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Being Stephen Hawking

Former Nature editor John Maddox on one of the most famous scientists of our age.

By Sir John Maddox
Sep 29, 2009 5:00 AMNov 12, 2019 4:16 AM


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Sir John Maddox, twice the editor of the journal Nature, was one of the most thoughtful voices in science journalism of the past five decades. He died on April 12 of this year, but his spirit lives on in this unique appreciation of Stephen Hawking, appearing in publication for the first time. Also see the related look at Hawking's recent work, "Stephen Hawking Is Making His Comeback."

On November 30 of 2006, in the august premises of the Royal Society of London, I had dinner with professor Stephen Hawking. To boast of having had dinner with Hawking creates a false impression. The circumstances were these. Since the summer I had been badgering the “graduate assistant to Professor Hawking” for an interview. Early in November, word came that Hawking was to receive the Copley Medal, the most venerable of the Royal Society’s gifts. I was invited; the date was plainly a license to join the scrum around the wheelchair after the group photographs had been taken.

Eventually I got to introduce myself, in a corridor crowded with people fighting their way to dinner. Stephen surprised me by remembering that I had been the director of the Nuffield Foundation when the trustees funded a summer school at Cambridge, bringing together the world’s gurus in cosmology and particle physics. “That started me off,” he said. The effect of any question on Stephen is electrifying. The luminous eyes stop scanning the faces around him to concentrate on the screen linked to his speech synthesizer. Something like a smile hovers on the left of his mouth. The great brain is entirely absorbed in scanning a list of words on his laptop. The replies are never short; invariably he tries to fit in a joke or something wry.

I asked Stephen whether he thought it likely that string theory would lead to the reconciliation of relativity and quantum mechanics that its army of practitioners promise, perhaps even pointing to the way in which the universe began. The answer came as rounded as all the others: Sure, it’s an important problem. We’ve learned a lot from what’s been done already. It’s too soon to know how it will come out. “But it’s the only bet we have.”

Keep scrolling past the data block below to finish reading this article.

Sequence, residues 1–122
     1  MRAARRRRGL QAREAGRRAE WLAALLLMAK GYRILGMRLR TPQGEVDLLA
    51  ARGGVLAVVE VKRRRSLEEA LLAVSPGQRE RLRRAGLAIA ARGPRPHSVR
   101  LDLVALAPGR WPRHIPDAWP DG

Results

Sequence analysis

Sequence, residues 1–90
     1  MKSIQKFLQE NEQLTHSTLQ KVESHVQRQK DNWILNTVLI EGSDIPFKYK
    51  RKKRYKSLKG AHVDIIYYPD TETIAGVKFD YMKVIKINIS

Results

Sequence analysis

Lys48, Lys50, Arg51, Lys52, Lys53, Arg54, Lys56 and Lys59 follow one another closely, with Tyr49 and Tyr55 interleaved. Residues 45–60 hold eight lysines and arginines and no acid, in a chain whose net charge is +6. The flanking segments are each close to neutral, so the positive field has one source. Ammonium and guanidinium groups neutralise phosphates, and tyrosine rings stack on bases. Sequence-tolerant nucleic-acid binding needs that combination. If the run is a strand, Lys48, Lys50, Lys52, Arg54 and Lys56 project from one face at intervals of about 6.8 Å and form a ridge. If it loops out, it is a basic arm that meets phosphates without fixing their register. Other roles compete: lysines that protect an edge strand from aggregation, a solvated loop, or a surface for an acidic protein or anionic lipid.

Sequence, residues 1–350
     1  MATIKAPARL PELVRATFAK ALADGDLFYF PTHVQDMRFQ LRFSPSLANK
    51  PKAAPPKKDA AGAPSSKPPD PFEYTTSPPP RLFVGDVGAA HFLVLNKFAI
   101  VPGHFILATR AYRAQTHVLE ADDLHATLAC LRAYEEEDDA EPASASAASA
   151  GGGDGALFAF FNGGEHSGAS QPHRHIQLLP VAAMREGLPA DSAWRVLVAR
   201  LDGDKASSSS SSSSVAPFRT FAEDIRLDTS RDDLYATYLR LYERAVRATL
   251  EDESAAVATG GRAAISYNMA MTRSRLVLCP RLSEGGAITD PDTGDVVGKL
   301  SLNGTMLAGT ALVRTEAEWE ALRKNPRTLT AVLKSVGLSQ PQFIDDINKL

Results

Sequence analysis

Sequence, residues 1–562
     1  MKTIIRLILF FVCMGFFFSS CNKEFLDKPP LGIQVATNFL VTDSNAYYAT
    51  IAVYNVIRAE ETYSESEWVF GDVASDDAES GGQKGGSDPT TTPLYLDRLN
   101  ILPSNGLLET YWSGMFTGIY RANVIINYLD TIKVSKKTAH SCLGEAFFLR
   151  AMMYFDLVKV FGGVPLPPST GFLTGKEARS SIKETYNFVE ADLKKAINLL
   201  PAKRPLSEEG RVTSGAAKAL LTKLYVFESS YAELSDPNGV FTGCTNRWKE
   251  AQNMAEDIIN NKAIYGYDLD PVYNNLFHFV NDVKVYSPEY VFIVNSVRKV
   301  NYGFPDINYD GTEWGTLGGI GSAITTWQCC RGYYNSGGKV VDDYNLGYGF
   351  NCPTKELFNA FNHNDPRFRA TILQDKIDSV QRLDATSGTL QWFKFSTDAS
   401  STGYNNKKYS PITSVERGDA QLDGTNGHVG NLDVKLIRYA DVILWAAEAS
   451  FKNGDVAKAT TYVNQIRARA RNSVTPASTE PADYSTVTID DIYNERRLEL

After dinner I was buttonholed by a friend, the retired head of an important university, who had seen me talking to Stephen: “Did you get any conversation out of that, then?” he asked. I answered, “No,” which was the truth: People with immovable vocal cords are poor conversationalists. The question buried in that, however, was whether Hawking is paid too much attention by the research community and by the world at large.

Hawking’s fans (of whom I am one) should not be surprised that he has critics. Part of the grumbling has its roots in that old human trait: envy. Despite his disability, Hawking has a lot going for him. His prose style is superb, more redolent of 18th-century essayists like Swift than what his contemporary peers customarily serve up. He also has an evident intellectual mastery of his field—that remote nexus between general relativity and quantum mechanics. How he keeps up is anybody’s guess.

The other persistent grumble is that the Hawking show has become a publicity circus. Academics, scientists in particular, are notoriously scornful of those among them who scamper after newspaper headlines and television appearances. But having witnessed Stephen’s emergence as a public figure over the past 30 years, I am convinced that he was at first genuinely surprised that a bag of bones slumped in a wheelchair would interest the TV crews, and that he is now persuaded he can use his status for good causes. He chimes frequently with his opinion that people are in danger of making such a mess of the planet that they had better quickly find a way of living somewhere else, and he battles for the alleviation of the disease from which he suffers.

All cosmologists are brave people, making scenarios from flimsy facts. The rest of us have no choice but to acknowledge our frailties. So why do I remain a fan of Stephen’s? First, he is a true scholar, knowing his subject inside out and persuaded of its inherent worth. Second, his courage in the face of his disabilities is a moving example of how people with such afflictions can make uncompromising accommodations with the world. And, third, he does all that with grace and wit.

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